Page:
The Environmental Audit Committee suggested that a charge should be introduced urgently and that a ban should come into force by 2023 if coffee cups still cannot be fully recycled. This phased approach has the benefits of delivering swift action using a tried and tested method to drive behaviour change, while also raising the funds to find alternatives and increase recycling, and with a clear and ambitious date to end the use of disposable coffee cups.

Dr Lyndsey Dodds is the head of marine policy at WWF-UK, the UK branch of the world’s leading conservation organisation.

 

Peter says…

Ultimately, everyone has a responsibility across the chain – we need intervention from everyone, as everyone plays a part. I wouldn’t agree that taxing is the right approach right now. There is a circular way to solve these problems if everyone collaborates.

Our view is that you solve these problems by creating a demand for the material once it’s been collected. We came to the UK as an Australian company looking to work with plastic bottles in the UK, and we took recycling and collection from 3% to above 50%. We created a demand for the UK dairy industry to use recycled post-consumer material for their bottles and specify it in their products. As soon as they specify it, anyone who wanted to sell it to that market had to buy that material, it created a demand and a value to the material. It meant that we could go to waste contractors who were previously landfilling it or burning it and say: “instead of doing that with bottles, we will buy them off you for X amount per tonne.” That translated down to the consumer; “if you as a business put your bottles in this bin, it will cost you half as much as if you had send it with general waste.”

If we can work together to create value and create something useful for paper cups, we can create solutions.

It’s about integrating these products back in as a valuable raw material, and we need more circular ways of thinking. Obviously, if there’s a demand for that, that will then facilitate infrastructure and collection systems, because the waste industry is pretty straight forward. If it’s worth something – it will be collected. This isn’t a problem that the waste industry has got, it’s a problem for the producers and vendors of coffee. I find it frustrating that everyone points the finger at the waste industry.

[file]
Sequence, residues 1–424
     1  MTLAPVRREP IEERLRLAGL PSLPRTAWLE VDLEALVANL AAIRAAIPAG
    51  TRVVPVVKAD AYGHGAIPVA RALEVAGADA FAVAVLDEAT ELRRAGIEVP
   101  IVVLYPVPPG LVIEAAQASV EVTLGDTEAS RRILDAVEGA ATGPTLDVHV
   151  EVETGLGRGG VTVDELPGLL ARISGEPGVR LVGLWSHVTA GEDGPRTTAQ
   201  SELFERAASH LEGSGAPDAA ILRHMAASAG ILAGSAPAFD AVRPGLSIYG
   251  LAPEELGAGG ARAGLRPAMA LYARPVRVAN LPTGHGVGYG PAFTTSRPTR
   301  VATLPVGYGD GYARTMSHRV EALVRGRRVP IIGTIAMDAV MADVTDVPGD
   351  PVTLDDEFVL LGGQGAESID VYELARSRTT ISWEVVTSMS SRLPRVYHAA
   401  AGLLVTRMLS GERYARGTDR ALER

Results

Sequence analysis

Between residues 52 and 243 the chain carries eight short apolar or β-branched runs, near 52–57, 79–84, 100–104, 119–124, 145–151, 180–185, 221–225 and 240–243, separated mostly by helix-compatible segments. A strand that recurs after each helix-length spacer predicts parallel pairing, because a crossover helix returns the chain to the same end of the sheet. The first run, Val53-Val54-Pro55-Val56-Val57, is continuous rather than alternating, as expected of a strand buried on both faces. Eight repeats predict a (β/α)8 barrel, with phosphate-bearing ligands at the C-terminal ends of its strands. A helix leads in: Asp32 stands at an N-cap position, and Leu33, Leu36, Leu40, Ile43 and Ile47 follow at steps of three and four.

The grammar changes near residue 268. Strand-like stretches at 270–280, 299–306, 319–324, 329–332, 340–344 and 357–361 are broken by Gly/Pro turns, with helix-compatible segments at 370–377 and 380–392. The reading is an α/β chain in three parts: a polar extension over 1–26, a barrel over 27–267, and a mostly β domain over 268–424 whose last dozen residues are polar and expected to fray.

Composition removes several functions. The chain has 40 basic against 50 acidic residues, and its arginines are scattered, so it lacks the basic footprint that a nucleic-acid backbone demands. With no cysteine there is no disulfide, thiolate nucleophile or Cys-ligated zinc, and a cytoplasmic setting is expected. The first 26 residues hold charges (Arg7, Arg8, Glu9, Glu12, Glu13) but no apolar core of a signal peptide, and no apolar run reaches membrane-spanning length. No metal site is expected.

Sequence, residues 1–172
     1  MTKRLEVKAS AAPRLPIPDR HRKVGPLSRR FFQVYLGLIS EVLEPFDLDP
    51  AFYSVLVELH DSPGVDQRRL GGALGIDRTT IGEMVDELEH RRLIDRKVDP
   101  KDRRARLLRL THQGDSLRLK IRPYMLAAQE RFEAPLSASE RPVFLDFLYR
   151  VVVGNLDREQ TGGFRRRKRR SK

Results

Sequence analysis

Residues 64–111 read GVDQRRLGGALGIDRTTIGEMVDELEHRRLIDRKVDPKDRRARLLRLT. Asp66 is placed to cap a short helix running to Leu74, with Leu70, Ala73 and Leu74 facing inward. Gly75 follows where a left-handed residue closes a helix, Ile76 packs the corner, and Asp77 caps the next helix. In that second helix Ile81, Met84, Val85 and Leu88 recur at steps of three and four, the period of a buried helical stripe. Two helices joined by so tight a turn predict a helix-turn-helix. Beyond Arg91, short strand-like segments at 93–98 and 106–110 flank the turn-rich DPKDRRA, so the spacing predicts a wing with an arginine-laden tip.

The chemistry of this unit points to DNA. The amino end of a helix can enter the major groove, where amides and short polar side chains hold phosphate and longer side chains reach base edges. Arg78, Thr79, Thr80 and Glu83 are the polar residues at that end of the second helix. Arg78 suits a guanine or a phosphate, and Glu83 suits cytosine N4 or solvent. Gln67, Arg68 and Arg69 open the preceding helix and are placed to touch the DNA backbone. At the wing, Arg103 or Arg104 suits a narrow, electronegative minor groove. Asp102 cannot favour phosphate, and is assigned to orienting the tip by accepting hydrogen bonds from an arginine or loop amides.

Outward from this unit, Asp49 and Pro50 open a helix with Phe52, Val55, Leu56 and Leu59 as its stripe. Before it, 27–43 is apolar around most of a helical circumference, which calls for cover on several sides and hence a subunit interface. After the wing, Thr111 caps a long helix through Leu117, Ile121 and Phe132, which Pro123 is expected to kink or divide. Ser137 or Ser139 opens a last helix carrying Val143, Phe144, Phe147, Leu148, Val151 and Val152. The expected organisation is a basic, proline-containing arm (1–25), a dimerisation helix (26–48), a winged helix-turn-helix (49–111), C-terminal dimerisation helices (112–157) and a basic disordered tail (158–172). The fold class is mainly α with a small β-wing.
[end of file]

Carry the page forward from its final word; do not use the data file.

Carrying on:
The more products we make that need cups, the more cups we need, the more valuable they become and then the demand pulls everything out of the marketplace as it has done with paper, glass and cardboard, for example. My fear is that if the industry can’t sort itself out and take the problem as seriously as it needs to be taken, then the government which has made a big stance on solving the problem will be forced to do nothing but tax.

We recently launched a reusable cup made from used coffee cups. It’s probably the first product to promote reuse, while also giving the material a value. The solutions are out there, don’t let anyone say they’re not, it’s just that there are political and commercial reasons getting in the way of them.

Could this problem be solved quickly? Yes, it could. We believe we can make a whole coffee shop out of the materials that a coffee shop generates, and that’s where we need to get to. Get people thinking like that, and a problem is transformed into an opportunity.

Peter Goodwin is the co-founder of Simply Cups, a circular economy-focused waste management company which offers a range of waste and recycling collection solutions to organisations large and small.

 

Interviews by Jack Atkins